Protecting Premises Licences in Insolvency
18th May, 2022
The licensed trade has had a tough couple of years. Even well-known high street brands have struggled to survive, and many have disappeared.
Some, however, have been able to take advantage of the misfortune of others and expand their businesses by taking on defunct premises.
The lucky few who are able to acquire new premises in these circumstances, are often, however, hampered by the failure to protect the Premises Licence, attached to the individual premises, and which permits the sale of alcohol and the provision of entertainment. Equally, licensed businesses which take the pre-pack route to survival can also come unstuck if insufficient regard is had to preservation of the licence.
The Licensing Act 2003 provides that if a Premises Licence Holder, whether they be an individual or a business, suffers “an insolvency event”, then the licence lapses. The triggering event might be the appointment of an administrator, entering into liquidation, the approval of a VA or being a judged bankrupt. The only way in those circumstances to secure the licence, which is obviously a significant asset, is to transfer it elsewhere within 28 days of the event. Failure to do this relatively simple task will result in the licence being lost, no matter what the circumstances are.
Once a licence has lapsed, the only way to restore it is to start again and make a new application. Often the presumption is that because a licence has existed in the recent past then it ought to be a straightforward process to restore it, but this is misconceived. Starting again means that the licence can be objected to by local residents, or the Police and others. The circumstances in an area might have changed since the previous licence was granted, perhaps decades ago. Neighbours may see the opportunity to settle scores with what they see as nuisance premises. There is never a guarantee that a new licence will be granted, or if it is, in such favourable terms. What might have been acceptable in the past in terms of conditions attached to a licence will have changed, potentially imposing additional burdens on a new operator. Applying for a new licence involves not only cost, but also time. The process can, if the application is objected to, take a couple of months. In those circumstances, a prospective buyer isn’t likely to commit until they have a satisfactory licence.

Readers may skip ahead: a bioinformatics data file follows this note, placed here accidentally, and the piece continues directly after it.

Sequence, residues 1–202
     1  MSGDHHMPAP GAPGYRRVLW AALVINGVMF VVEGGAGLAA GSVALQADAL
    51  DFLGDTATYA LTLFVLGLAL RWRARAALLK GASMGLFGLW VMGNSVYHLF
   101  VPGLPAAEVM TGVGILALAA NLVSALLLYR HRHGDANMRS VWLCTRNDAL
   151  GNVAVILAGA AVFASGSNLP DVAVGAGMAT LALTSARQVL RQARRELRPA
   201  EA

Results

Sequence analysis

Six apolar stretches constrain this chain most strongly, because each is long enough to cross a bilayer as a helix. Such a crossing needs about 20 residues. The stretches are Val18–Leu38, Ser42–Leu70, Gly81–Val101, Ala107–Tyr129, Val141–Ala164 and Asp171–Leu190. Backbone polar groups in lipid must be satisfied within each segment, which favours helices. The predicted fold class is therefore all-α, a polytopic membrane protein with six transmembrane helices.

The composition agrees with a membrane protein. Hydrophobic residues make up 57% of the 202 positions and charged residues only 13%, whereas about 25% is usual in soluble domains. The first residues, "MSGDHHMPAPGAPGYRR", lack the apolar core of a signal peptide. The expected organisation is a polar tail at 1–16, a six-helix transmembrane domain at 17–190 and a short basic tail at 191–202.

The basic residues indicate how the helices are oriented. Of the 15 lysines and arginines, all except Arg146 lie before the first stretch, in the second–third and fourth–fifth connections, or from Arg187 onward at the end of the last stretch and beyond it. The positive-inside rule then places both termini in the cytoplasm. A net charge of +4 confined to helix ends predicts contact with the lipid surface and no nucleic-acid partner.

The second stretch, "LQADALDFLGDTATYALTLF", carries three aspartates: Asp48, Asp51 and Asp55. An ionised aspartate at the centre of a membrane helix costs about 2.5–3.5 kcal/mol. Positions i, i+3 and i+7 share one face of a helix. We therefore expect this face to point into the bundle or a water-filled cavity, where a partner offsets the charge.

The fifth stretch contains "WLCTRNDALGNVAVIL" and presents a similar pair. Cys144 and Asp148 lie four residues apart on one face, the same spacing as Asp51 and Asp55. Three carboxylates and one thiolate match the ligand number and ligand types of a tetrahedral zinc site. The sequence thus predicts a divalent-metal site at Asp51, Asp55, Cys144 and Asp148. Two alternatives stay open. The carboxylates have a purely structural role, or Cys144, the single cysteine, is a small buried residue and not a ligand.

Protecting a Premises Licence at the earliest opportunity can help preserve value, reduce cost and uncertainty and could potentially make a significant difference to the outcome for creditors and incoming operators alike. If you are an insolvency practitioner (or if you are an operator looking to take over a licenced premises of an insolvent business) please contact Richard Arnot for expert advice.
Please note that this briefing is designed to be informative, not advisory and represents our understanding of English law and practice as at the date indicated. We would always recommend that you should seek specific guidance on any particular legal issue.
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